People have been trying to bring Preacher, Garth Ennis’s classic and often controversial graphic novels, to the big and small screen for over 15 years. HBO had their hands on it for a while but ultimately it fell through (we still hold onto our dreams of James Marsters in that role). Even the Weinsteins considered it after Kevin Smith pitched the idea, although head honcho Bob was rumoured to have been rather confused by it all. So the news that actor-writer Seth Rogen and his creative partner Evan Goldberg have acquired creative rights and closed a deal with AMC have left us cautiously optimistic but still realistic. Rogen’s writing resume is spotty (I for one like his Green Hornet movie but find his comedy to be not to my tastes) but material like this needs an enthusiastic mind behind it, and Rogen has enthusiasm in bags. No casting has been announced yet but we have plenty of suggestions if Rogen is interested!
While AMC have never been ones to shy away from darker material, be it meth labs or Don Draper’s misogyny, it remains to be seen if they’ll fully embrace the madness of Preacher, the tale of a small town Texan preacher who becomes possessed by the spawn of an angel and demon. As he becomes essentially the most powerful being on the planet, he teams up with his girlfriend Tulip and an Irish vampire called Cassidy to track down a missing-in-action God in order to hold him to task for his sins. Throw in scenes involving the Klu Klux Klan, the inbred descendent of Jesus Christ and a character called Arseface, and it’s not hard to see why so many studios have flinched at the prospect of adapting it.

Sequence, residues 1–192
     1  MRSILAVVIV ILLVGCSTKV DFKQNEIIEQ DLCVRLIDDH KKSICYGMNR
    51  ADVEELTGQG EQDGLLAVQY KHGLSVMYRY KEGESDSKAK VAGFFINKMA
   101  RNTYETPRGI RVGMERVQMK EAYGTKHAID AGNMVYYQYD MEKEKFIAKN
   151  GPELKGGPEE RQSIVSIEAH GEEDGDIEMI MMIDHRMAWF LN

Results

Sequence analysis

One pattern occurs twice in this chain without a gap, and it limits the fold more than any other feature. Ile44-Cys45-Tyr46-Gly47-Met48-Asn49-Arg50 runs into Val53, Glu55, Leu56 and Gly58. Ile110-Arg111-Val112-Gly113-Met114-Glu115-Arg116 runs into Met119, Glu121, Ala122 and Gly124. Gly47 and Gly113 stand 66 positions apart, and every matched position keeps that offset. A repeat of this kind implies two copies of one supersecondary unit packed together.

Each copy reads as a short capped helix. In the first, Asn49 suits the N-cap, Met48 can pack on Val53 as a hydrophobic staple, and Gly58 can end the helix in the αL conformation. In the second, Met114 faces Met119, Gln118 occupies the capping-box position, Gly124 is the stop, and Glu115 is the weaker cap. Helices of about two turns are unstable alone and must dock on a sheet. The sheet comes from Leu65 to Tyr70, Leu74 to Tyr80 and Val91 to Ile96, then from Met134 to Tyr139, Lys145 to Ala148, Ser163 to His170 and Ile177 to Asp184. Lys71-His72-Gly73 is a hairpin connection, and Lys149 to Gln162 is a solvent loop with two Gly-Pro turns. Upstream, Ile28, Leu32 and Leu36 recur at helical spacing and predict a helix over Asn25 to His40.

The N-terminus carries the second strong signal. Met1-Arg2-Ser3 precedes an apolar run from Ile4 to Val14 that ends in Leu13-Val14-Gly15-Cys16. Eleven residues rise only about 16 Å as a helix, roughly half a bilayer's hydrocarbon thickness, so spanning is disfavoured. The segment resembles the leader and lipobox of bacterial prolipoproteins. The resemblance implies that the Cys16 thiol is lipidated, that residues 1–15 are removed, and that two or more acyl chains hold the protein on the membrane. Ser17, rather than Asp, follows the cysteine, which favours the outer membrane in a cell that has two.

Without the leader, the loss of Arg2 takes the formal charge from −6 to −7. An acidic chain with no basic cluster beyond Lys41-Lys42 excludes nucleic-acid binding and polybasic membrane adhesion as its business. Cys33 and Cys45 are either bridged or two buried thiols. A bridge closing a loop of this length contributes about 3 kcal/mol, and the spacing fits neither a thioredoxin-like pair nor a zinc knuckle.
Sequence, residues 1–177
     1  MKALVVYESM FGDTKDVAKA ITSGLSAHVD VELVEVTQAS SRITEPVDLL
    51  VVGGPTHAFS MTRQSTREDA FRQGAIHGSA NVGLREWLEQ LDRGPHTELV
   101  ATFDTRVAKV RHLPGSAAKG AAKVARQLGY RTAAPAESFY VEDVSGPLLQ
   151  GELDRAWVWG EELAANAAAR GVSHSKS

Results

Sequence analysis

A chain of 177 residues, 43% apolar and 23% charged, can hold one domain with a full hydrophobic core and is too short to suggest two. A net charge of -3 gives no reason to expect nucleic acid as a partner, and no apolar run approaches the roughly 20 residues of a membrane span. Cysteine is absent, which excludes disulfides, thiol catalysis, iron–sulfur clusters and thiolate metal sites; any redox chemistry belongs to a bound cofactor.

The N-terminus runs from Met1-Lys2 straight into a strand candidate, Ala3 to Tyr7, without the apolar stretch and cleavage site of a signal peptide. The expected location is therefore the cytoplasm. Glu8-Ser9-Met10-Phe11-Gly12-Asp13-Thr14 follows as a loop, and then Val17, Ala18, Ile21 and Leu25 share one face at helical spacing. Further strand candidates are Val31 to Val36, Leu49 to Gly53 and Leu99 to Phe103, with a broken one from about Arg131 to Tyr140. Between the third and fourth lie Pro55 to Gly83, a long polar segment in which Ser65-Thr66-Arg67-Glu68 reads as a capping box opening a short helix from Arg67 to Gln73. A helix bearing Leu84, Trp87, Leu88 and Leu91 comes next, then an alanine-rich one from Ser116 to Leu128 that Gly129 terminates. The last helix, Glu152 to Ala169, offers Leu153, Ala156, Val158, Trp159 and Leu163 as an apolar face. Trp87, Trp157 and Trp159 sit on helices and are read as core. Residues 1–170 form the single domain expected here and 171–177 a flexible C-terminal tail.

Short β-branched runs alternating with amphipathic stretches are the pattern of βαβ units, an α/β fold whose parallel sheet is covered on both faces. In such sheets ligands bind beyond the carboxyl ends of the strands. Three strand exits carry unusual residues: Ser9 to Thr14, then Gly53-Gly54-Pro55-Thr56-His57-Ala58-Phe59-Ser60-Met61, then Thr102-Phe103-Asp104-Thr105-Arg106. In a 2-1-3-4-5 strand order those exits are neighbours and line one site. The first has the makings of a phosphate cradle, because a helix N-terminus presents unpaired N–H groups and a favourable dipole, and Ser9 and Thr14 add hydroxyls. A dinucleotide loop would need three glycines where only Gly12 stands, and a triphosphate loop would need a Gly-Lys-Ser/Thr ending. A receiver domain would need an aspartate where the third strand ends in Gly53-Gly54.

Preacher isn’t the only classic graphic novel potentially ready for the oft-delayed adaptation treatment. Joseph Gordon-Levitt, the actor, director and ladies’ choice, was recently announced as the director for the Sandman movie, based on the masterful series by Neil Gaiman and others. It’s a tough gig for any seasoned director, much less one who only has one directorial effort under their belt, but Gordon-Levitt has the enthusiasm and the approval of David Goyer and Warner Brothers behind him. It remains to be seen how on earth one even begins to condense 10 volumes of intertwining narratives across countless characters, time, space and reality into one film.